Thursday, March 17, 2011

Top 50 albums of the last decade - Part 1

I’m a big fan of lists. A while back I said I’d be writing a whole bunch of lists. It’s not that I forgot to write the lists, it’s that I’m so ridiculously anal about lists, that it’s taken me this long to finally be satisfied with where my list is at. Regardless, I’ll obviously chop things down a bit so as not to do a huge long post no one will read. So first off, the first half of my notable mentions.

Notable Mentions Part 1:

As per usual, every single list I’ve ever compiled has or at the very least could have a list of notable mentions. This list is not the exception so here we go, the almost weres in my list of top 50 albums of the last decade.

Radiohead – Amnesiac: One of two Radiohead albums that didn’t make it to the album, and by the way were a little on the ignored side of life. The only thing wrong with Amnesiac is that it was released 8 months after Kid A. As an album it is actually quite solid and offers a variety of sonic textures which had been hinted at on Kid A. The main thing with Amnesiac isn’t that it has to be play second fiddle to Kid A, it’s just that it was released to close to its slightly older brother and after Kid A, haters had something to hate. So while compiling this list, I decided to put it at the top of honorable mentions because truth be told, this album is better than some of the ones placed on my top 50, but since I had to gauge impact and other nuances, I put it here as a tribute, since it is the #1 best overlooked album of the decade.

Pearl Jam – Riot Act: By far the most misunderstood and overlooked Pearl Jam album in their catalogue, Riot Act actually boasts quite a great set of tracks. The problem is that in between great numbers, there are not so great numbers that curiously work rather well live. Cropduster, Ghost, Bushleaguer and Get Right all come to mind when referring to numbers that aren’t that epic and really could have been B-Sides. But for every B Side, you get three A sides of solid material. From the beginning of Can’t Keep to the guttural Save you and the happily epic Love Boat Captain, that’s a great start to the album. Add introspective tracks like Thumbing My Way, the grand vocal instrumental Arc or the wonderfully sad All or None and you find more material that’s great. As if that weren’t enough, you push in I Am Mine (A great Drinking song if there ever was one) and you go whoah, this is a pretty great album. But no, they have to pull out You Are from left field which sounds like NOTHING they’ve ever put out and then the bluesy ½ full and

Oasis – Dig Out Your Soul: What a shock to fans of the band to realize that this would be the last Oasis album they would ever have the pleasure of listening to. To be honest, it’s a hell of a way to go out. Dig out your soul picks up right where Don’t Believe the Truth left off and had the band pushing their British bravado to new cohesive directions that sounded like a reenergized Oasis hell bent on taking over the world. It’s too bad that it was their last album because I really did feel as if the momentum was there and that the sibling rivalry had finally been put to rest. Now we’ll just have to see what Beady Eye and Noel on his own can pull off. Come to think of it, maybe that break might actually be a good thing. Only time will tell.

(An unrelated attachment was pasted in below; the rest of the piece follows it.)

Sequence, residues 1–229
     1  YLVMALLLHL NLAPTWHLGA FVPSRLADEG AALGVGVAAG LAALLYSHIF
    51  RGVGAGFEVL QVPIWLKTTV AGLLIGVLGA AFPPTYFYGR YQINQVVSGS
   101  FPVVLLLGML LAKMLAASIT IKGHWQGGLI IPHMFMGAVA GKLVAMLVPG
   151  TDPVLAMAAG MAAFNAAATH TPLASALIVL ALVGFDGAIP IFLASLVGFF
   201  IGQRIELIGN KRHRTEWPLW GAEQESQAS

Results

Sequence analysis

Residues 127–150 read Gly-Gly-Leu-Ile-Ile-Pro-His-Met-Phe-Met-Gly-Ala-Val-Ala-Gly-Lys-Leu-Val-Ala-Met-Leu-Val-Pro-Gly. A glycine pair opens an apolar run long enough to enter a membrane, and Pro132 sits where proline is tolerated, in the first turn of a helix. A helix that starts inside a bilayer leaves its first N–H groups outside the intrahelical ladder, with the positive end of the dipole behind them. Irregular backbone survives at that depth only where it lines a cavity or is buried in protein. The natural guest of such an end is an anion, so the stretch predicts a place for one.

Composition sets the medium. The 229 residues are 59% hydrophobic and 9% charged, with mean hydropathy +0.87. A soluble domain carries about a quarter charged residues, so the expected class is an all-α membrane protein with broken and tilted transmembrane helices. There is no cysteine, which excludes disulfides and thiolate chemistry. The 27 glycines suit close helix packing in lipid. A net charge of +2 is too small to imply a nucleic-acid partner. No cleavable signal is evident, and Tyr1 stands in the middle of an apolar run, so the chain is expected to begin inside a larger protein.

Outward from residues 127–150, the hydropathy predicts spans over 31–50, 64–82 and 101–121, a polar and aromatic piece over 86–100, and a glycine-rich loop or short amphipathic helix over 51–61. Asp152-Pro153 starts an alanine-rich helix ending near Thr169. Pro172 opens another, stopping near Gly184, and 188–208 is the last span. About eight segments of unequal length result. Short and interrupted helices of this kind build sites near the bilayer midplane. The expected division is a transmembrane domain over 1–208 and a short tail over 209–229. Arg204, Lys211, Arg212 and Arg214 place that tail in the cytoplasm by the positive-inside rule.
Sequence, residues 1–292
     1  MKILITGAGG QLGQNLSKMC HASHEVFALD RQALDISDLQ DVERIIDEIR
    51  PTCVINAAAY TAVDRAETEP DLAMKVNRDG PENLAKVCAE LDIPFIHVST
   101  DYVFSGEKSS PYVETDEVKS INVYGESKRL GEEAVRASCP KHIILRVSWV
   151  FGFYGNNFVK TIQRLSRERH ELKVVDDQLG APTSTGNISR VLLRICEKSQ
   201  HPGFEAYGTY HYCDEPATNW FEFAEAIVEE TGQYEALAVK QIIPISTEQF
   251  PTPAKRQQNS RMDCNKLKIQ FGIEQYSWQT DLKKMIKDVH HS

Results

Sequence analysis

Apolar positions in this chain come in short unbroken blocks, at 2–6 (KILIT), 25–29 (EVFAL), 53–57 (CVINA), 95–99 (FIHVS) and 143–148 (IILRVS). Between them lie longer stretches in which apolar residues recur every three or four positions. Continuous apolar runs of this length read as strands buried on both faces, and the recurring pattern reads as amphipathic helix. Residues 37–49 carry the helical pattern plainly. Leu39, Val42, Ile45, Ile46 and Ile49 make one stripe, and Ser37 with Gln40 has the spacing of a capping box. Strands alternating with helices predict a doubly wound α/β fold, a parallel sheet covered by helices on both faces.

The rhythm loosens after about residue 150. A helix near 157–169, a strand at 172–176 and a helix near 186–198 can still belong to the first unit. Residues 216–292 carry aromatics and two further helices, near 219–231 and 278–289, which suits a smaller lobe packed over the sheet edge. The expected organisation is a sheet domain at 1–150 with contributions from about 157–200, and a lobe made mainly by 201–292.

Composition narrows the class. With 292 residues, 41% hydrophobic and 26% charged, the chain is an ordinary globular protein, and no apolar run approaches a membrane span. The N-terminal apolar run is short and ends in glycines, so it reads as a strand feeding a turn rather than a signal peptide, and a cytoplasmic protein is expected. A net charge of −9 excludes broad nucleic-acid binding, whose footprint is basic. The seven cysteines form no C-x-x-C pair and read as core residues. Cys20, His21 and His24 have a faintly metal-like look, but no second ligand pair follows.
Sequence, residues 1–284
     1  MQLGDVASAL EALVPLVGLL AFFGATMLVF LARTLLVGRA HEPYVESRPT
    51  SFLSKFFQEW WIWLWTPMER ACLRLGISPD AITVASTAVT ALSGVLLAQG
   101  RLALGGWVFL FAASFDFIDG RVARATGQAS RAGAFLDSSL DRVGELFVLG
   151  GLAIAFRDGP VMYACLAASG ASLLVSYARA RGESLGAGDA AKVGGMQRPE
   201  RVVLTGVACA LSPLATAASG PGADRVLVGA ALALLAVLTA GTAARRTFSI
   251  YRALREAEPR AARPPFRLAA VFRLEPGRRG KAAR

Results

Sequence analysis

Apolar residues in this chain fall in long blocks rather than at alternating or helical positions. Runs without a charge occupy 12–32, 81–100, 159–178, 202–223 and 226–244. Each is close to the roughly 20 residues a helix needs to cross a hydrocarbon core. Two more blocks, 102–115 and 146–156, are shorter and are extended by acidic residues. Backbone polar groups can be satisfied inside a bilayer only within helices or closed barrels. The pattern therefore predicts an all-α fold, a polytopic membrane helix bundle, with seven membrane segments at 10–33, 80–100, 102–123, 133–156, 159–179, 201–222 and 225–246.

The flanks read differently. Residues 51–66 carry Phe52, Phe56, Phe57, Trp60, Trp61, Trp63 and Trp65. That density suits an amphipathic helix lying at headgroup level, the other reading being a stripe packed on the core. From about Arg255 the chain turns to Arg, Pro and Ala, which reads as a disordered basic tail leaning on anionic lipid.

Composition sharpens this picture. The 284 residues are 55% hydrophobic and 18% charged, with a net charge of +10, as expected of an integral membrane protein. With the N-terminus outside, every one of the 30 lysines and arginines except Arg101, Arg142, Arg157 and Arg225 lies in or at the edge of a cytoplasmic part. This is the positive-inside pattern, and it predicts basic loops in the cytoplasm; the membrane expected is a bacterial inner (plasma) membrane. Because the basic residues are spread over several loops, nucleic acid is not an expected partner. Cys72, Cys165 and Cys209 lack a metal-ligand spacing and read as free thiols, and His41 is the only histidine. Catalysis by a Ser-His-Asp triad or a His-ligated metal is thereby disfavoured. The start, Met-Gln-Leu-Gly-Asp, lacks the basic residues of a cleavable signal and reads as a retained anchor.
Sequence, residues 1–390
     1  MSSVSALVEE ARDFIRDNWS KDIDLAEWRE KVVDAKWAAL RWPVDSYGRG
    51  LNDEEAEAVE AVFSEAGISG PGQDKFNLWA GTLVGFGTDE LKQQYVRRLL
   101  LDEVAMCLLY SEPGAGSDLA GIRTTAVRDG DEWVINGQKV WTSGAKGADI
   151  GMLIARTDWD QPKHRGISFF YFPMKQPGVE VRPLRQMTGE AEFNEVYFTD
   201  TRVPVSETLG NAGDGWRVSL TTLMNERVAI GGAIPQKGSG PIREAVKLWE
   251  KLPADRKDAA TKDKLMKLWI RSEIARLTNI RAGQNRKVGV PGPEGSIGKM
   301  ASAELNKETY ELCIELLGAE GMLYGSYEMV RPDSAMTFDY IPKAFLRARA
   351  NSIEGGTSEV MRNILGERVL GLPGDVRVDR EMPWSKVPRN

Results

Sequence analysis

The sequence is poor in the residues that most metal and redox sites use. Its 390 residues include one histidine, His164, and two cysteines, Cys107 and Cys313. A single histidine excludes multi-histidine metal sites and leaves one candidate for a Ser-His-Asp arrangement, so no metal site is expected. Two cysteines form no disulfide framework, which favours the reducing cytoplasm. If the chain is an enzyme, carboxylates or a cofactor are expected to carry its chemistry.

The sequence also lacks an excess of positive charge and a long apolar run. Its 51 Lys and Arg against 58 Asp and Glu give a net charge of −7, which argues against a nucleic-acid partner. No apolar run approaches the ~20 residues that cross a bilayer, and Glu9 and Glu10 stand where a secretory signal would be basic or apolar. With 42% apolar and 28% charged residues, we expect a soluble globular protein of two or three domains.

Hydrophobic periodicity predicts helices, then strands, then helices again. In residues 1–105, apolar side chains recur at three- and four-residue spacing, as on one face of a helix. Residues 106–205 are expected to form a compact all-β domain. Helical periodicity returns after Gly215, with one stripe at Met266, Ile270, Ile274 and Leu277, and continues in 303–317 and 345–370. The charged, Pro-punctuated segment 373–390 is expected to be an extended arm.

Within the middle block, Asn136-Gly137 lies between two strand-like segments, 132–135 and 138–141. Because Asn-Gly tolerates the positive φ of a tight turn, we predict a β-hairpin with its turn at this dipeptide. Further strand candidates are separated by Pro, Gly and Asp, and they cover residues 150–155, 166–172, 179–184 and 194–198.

Highlight Tracks: Waiting for the rapture – The Shock of Lightning – High Horse Lady – Soldier On

Nine Inch Nails – With Teeth: under any other pretext, this album would have been a triumph, but with the buildup, it was just short of the mark. That doesn’t mean it doesn’t kick some serious ass and it’s a worthy NIN album if there ever was one. It just means that the two other titles released during the decade impressed me more for other reasons.

Radiohead – Hail to the Thief: The other Radiohead album that didn’t make it on the list is also another solid work of art by Britain’s favorite anti rock heroes. Unlike Amnesiac however, I have no qualms over Hail to the Thief not being in the top 50 because although it is a wonderful album in and of itself, in comparison it fails to hit the mark by mere inches… or that’s what most people say. Truth be told, when you listen to Hail to the Thief it’s actually a challenge to find a weak track, because honestly, there isn’t one. What there isn’t is something groundbreaking or ultra anthemic. It’s just a solid ass album that showcases a consolidation of forces to produce an album that even at its length is still tight enough to get you wondering exactly what is wrong with this album that so many people didn’t get into it.

Elbow – Leaders of the New World: Variety is one thing, creating music no one else creates is another thing. The closest I can compare them to would be Tool in the sense that though you get a general sense of where they’re coming from, this music lives on its own. Maybe they’re not as transcendental as the aforementioned troupe, but no one else sounds like them, and they simply come off as a band that’s always existed, because even on their debut album their songs were mature, polished and beautifully unique. Leaders of the New World continues the trend of excellence set by their two preceding albums and the only reason why this and the next album weren’t included, was because other bands deserve recognition too.

Elbow – Seldom Seen Kid: Is it just me, or are Elbow incapable of releasing a bad album? Seldom Seen Kid is the fourth album in a row where they produce memorable and unique tracks that are witty, beautiful and colorful. Like nothing else on radio, Seldom Seen Kid keeps proving that Elbow deserve your attention.

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